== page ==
Raymond V. Kirk
|Rev. Raymond V. Kirk, C.S.Sp.|
|Sixth President of
Duquesne University of the Holy Ghost
|Term||1940 – 1946|
|Predecessor||Rev. Jeremiah J. Callahan|
|Successor||Rev. Francis P. Smith|
|Born||May 3, 1901
Mount Pleasant, Pennsylvania
|Died||May 27, 1947
|Alma mater||Duquesne University (B.A.)
New York University (Ph.D.)
Raymond Kirk was born on May 3, 1901 in Mount Pleasant, Pennsylvania. He attended the Duquesne University Prep School, graduating in 1919. He entered the novitiate for the Holy Ghost Fathers the following year, and earned a bachelor's degree at Duquesne. He was ordained a priest for the Holy Ghost Fathers on August 29, 1925, after which he spent a year in New York City doing parish work and earning a doctorate at New York University. His brother was James P. Kirk, Treasurer of the City of Pittsburgh in the 1940s.
Service to Duquesne University
Father Kirk returned to Duquesne University as a teacher in the Prep School in 1927. He quickly distinguished himself as a capable administrator, and was instrumental in preparing the university's School of Education for its state certification. He became the first dean of the Education School in 1929, and served in that position until his appointment as university president in February 1940.
On Kirk's appointment to the presidency of the university, the Pittsburgh Post-Gazette remarked that, at the age of 38, Kirk was "among the youngest university presidents in the nation". However, Kirk's six years as president were some of the darkest days of Duquesne University's history as enrollment shrank during the Second World War to nearly catastrophic levels.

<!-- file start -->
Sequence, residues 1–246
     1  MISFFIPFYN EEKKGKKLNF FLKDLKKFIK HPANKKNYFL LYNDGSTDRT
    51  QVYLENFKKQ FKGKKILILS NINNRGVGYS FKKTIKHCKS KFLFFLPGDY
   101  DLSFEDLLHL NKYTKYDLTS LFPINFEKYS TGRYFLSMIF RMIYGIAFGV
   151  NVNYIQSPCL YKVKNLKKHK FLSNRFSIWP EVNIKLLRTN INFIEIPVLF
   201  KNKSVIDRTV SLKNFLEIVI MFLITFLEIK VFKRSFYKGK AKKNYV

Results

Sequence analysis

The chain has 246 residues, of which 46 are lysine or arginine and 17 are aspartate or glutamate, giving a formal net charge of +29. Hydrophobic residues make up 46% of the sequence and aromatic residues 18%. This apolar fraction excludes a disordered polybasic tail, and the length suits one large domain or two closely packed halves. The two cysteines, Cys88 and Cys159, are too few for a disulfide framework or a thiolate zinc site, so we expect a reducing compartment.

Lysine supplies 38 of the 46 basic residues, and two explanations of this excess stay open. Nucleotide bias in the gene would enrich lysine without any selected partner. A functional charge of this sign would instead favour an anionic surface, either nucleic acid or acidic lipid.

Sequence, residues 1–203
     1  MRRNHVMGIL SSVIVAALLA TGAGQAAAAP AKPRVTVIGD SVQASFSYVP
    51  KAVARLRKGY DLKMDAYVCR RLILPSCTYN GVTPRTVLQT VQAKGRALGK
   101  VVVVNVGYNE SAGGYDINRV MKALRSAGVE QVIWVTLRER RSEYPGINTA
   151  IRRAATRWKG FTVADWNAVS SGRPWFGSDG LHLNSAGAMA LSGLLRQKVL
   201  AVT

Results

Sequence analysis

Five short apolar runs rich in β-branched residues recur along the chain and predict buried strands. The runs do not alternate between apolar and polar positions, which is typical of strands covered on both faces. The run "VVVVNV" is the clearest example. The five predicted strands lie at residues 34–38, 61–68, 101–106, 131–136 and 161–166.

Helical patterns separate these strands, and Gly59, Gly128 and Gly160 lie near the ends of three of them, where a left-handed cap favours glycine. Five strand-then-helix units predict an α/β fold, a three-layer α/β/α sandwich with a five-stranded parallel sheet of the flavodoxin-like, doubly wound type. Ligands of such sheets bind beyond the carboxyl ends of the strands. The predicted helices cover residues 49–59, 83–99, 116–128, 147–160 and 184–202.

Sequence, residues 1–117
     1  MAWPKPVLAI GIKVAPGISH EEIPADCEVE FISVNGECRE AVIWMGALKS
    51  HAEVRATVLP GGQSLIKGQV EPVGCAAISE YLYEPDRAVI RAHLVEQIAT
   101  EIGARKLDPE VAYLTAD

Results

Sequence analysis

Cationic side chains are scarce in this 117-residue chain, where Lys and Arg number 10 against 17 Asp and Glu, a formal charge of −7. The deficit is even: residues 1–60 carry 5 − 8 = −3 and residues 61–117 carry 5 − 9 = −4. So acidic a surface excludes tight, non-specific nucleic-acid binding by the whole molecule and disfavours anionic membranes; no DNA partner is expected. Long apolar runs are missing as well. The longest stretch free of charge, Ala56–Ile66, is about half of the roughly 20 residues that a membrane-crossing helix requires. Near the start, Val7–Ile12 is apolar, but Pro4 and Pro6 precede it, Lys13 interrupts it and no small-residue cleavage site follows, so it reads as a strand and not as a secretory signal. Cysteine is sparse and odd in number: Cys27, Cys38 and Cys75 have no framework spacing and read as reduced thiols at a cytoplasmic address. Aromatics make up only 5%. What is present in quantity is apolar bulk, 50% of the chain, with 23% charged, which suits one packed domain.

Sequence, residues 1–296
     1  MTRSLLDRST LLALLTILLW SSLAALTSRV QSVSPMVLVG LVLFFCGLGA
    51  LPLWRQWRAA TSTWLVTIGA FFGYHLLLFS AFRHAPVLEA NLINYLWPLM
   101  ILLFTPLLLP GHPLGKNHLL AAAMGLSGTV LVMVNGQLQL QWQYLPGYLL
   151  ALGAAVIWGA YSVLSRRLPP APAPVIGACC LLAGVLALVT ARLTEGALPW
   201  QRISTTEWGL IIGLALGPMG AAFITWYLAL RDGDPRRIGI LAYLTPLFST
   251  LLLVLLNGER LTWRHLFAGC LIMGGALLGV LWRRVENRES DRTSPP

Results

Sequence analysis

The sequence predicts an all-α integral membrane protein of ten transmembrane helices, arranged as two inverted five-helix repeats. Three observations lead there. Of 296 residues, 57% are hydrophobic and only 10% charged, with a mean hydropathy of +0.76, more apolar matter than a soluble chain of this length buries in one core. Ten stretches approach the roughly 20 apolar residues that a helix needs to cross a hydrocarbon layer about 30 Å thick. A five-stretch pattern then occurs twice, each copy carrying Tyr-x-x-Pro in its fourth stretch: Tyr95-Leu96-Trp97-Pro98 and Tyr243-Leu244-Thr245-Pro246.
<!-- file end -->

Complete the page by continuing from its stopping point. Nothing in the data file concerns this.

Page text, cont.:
In 1942, the administration of the university was seriously considering closing Duquesne. Seventy-one colleges around the country had already closed, but, fortunately for Duquesne, Kirk had a connection that would save the university. His brother, Pittsburgh City Treasurer James P. Kirk, was able to use his political connections to arrange a contract with the Air Force, and Duquesne was selected as a training site for the first group of 350 Air Force officers and cadets. These students—937 men were provided with academic training at Duquesne from 1943 to 1944—were enough to keep Duquesne from closing its doors during the war years.
The enrollment drop made Kirk's job very difficult. The student body in 1940 was numbered at 3,100, and at its lowest during the summer of 1944, even with the Air Force cadets, enrollment dipped to no more than 1,000 students. Kirk was faced with a university debt of $450,000 from his predecessor, Father Jeremiah Callahan. A reorganization of the Law School caused dissent, resulting in the dismissal and resignation of several faculty members. The difficulties of leading the university through these struggles adversely affected Kirk's health, and he had to suspend his activities in 1945. He was relieved of the university presidency by Father Francis P. Smith in June 1946.
Notes and references
- Works cited
- "Father Kirk Appointed to Diocesan Board". Pittsburgh Post-Gazette. July 22, 1943. p. 18. Retrieved May 12, 2011.
- "Rev. Callahan Quits as Head of Duquesne". Pittsburgh Post-Gazette. February 4, 1940. p. 6. Retrieved May 12, 2011.
- Rishel, Joseph F.; Paul Demilio (1997), "The Spirit That Gives Life": The History of Duquesne University, 1878-1996, Pittsburgh, Pennsylvania: Duquesne University Press, ISBN 0-8207-0268-4
- Snyder, James L. (December 1952). "Duquesne University, 1878–1953". Catholic Educational Review 50. pp. 649–665.
- "University Plans Tribute to Father Kirk". Pittsburgh Post-Gazette. May 29, 1947. p. 7. Retrieved May 12, 2011.
|Catholic Church titles|
Rev. Jeremiah J. Callahan
|President of Duquesne University
Rev. Francis P. Smith